The Book Itself: Eye-catching (I find most graphic novel covers to be that way, especially if I like the artist’s work). The title “sculpted” into a brick wall, the girl coming out of the brick work…very cool.
My Review: David Smith is giving his life for his art—literally. Thanks to a deal with Death, the young sculptor gets his childhood wish: to sculpt anything he can imagine with his bare hands. But now that he only has 200 days to live, deciding what to create is harder than he thought, and discovering the love of his life at the 11th hour isn’t making it any easier!
This is a story of desire taken to the edge of reason and beyond; of the frantic, clumsy dance steps of young love; and a gorgeous, street-level portrait of the world’s greatest city. It’s about the small, warm, human moments of everyday life…and the great surging forces that lie just under the surface. Scott McCloud wrote the book on how comics work; now he vaults into great fiction with a breathtaking, funny, and unforgettable new work.
This book caught my eye as it sat on a feature table at my work. Scott McCloud, I thought. Where have I heard that name before? A quick Goodreads detour revealed that he is responsible for such famous books on comics as Understanding Comics, Making Comics, and Reinventing Comics. His name sounded so familiar because I have a very talented artist friend who loves the comic art form. When she’s had to send me things in the mail, she’s decorated the envelopes with sketches of things like woodland creatures baking cookies. A caricature that she drew of me was my Facebook profile picture for a couple of weeks.
But enough about my friend Hannah (Hey, Hannah!!). The Sculptor is delightful. You can definitely see that McCloud knows his stuff. The artistic style is really on point. The character’s expressions, and the inventive way McCloud utilizes speech bubbles (so skillfully that you forget it’s a comic, that it’s a speech bubble spouting from someone’s head), are impressive, to say the least. And the way plot twists are laid out really gets you turning pages.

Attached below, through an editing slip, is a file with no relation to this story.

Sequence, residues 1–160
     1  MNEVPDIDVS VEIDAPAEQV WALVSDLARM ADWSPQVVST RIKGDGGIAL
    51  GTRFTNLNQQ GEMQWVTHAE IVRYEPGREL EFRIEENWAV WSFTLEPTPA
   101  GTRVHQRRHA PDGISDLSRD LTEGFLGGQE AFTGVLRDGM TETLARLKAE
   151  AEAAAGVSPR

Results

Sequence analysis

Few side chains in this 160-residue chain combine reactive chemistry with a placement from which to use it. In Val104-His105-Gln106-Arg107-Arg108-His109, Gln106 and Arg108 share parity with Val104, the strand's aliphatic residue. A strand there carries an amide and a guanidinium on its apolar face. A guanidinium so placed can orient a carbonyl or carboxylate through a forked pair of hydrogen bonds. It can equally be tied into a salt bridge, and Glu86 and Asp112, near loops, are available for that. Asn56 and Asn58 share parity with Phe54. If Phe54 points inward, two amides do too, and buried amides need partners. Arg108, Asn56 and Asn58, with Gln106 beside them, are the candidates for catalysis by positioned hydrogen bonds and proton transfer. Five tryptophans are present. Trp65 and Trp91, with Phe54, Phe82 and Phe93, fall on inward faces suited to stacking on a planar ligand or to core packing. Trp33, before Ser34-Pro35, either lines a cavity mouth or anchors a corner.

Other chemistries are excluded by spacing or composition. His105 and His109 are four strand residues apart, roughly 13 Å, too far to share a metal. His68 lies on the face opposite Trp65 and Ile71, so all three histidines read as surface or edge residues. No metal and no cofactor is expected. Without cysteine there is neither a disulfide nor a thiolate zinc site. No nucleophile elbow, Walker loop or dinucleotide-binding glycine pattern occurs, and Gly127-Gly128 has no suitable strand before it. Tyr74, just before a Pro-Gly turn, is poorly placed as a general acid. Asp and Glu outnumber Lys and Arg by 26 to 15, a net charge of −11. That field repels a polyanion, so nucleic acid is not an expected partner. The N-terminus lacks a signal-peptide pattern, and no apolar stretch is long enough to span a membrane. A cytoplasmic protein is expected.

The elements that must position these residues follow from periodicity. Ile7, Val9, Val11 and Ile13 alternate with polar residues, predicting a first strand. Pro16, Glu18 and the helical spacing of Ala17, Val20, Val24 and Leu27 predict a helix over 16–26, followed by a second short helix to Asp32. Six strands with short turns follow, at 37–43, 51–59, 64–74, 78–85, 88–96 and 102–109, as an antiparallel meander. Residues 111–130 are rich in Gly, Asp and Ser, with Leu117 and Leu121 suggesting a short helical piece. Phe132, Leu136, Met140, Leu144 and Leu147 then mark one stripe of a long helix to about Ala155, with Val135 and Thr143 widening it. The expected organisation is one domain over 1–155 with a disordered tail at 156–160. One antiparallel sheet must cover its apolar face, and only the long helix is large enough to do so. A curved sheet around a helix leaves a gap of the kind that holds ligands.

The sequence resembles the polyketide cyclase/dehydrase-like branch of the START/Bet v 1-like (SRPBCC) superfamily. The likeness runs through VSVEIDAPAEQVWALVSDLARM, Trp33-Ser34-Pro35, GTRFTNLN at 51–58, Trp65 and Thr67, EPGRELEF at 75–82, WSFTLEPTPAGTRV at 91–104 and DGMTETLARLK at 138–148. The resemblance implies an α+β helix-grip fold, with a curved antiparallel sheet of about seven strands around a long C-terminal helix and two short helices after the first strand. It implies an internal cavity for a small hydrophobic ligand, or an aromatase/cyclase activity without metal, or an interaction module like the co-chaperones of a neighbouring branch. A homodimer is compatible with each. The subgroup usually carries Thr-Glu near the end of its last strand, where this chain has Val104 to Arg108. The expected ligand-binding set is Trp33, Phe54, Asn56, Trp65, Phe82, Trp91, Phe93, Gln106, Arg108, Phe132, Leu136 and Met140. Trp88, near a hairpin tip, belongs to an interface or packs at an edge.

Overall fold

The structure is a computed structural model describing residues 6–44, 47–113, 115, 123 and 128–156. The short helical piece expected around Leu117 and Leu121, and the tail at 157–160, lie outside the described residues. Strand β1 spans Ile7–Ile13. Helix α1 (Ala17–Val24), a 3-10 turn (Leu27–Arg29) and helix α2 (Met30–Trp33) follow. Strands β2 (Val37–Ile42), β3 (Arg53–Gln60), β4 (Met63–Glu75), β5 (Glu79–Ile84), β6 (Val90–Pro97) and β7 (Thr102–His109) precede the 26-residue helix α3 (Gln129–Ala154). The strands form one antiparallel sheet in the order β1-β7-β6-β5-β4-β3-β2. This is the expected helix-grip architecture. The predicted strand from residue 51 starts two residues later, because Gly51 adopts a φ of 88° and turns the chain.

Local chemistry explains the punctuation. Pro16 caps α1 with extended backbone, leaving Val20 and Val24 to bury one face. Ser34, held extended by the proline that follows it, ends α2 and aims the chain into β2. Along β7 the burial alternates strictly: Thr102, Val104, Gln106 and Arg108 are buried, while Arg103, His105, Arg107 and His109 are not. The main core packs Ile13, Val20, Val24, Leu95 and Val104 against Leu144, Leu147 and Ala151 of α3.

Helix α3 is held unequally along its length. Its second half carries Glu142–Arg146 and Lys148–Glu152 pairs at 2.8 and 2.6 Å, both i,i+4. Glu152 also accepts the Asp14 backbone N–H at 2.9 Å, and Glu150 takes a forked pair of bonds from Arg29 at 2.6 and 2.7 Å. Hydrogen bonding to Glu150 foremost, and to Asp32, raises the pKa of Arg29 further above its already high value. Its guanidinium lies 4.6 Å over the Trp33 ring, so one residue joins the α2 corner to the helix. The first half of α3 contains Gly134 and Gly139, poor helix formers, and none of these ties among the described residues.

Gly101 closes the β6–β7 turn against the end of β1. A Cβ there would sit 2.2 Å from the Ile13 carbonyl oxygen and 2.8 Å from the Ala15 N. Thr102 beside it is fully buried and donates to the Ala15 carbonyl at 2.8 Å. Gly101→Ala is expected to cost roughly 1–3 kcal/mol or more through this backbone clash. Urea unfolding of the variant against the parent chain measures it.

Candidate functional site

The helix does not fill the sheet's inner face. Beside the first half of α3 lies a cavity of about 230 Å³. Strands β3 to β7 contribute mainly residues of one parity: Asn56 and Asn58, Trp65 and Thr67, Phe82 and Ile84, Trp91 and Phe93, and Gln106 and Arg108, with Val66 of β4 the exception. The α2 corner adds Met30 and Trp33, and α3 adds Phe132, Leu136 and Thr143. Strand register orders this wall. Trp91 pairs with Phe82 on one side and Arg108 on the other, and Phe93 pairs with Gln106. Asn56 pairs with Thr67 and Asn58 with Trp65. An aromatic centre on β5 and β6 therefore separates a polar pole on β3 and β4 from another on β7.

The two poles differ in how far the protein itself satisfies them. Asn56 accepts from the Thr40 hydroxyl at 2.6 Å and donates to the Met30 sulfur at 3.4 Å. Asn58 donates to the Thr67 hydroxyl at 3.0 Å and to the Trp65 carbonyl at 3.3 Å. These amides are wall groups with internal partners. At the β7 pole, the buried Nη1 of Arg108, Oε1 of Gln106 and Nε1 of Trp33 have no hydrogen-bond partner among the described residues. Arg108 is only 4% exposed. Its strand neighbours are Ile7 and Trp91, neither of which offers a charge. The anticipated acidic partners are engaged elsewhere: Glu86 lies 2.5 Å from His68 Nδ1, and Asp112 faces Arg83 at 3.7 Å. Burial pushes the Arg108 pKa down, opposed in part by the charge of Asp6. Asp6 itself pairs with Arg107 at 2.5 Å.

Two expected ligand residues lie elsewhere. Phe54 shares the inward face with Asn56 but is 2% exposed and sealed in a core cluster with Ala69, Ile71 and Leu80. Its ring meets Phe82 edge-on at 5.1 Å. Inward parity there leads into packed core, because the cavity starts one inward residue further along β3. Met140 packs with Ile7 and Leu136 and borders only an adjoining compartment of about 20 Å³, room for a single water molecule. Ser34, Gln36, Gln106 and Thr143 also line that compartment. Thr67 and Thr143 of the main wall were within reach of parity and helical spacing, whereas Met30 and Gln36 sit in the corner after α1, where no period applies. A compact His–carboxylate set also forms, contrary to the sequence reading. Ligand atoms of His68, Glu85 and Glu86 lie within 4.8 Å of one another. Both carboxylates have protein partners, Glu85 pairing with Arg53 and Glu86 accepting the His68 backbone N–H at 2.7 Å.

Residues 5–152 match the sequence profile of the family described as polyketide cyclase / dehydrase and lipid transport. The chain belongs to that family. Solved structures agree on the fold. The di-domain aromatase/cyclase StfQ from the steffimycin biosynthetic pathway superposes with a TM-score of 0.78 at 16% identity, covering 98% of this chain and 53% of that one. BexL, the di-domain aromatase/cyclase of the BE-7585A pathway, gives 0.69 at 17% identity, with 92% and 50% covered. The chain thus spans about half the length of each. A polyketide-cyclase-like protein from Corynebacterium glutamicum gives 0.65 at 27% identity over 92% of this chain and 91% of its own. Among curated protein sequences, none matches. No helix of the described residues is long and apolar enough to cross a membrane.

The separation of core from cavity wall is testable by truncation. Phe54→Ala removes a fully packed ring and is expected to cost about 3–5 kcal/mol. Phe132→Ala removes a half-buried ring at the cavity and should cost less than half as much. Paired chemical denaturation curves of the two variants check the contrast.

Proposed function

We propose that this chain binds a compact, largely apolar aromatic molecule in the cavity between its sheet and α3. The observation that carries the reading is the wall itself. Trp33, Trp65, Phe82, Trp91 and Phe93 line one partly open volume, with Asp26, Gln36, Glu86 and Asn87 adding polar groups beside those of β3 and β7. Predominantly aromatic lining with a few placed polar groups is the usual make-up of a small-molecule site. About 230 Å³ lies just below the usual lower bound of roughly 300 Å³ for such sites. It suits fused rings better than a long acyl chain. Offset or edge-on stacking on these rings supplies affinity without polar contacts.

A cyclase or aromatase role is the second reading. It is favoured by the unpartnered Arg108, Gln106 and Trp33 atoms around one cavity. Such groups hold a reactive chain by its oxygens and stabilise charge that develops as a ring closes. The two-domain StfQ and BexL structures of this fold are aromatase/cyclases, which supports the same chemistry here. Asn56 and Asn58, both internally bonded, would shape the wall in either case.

You really start to feel for the characters, and you ache a little when the story ends. The premise alone sets you up for some heartbreak: this guy is going to die in 200 days, and partway through that, he meets and falls in love with someone (who just happens to be a little damaged too – character flaws are well-rendered here too). But the journey to this deal’s end is a long and tangled one. David’s success doesn’t come as easy as he would hope. In fact, his first exhibition kind of flops. He’s crazy awkward around women, he makes misstep after misstep when it comes to his lady love, and he’s moody and depressing and somehow, still brilliant.
The book had a lot to say about art and commercialism and living in the big NYC. I liked that it was a gritty graphic novel. It dealt with real, complex issues in a way that was visually beautiful.
The ending felt a tad clumsy…without spoiling the whole thing, you have to pause at the end to suss out what’s real, and how the book really…ended. For such a solid book, it was an ambiguous ending, and I felt the story deserved more (and the sunshine and rainbows half of me wanted it of course to end happily for everyone!)
Great art, that has a lot to say about art itself. The ending brought the work down a little, but it’s a story that makes you think about it long after you’ve turned the last page.
My Grade: B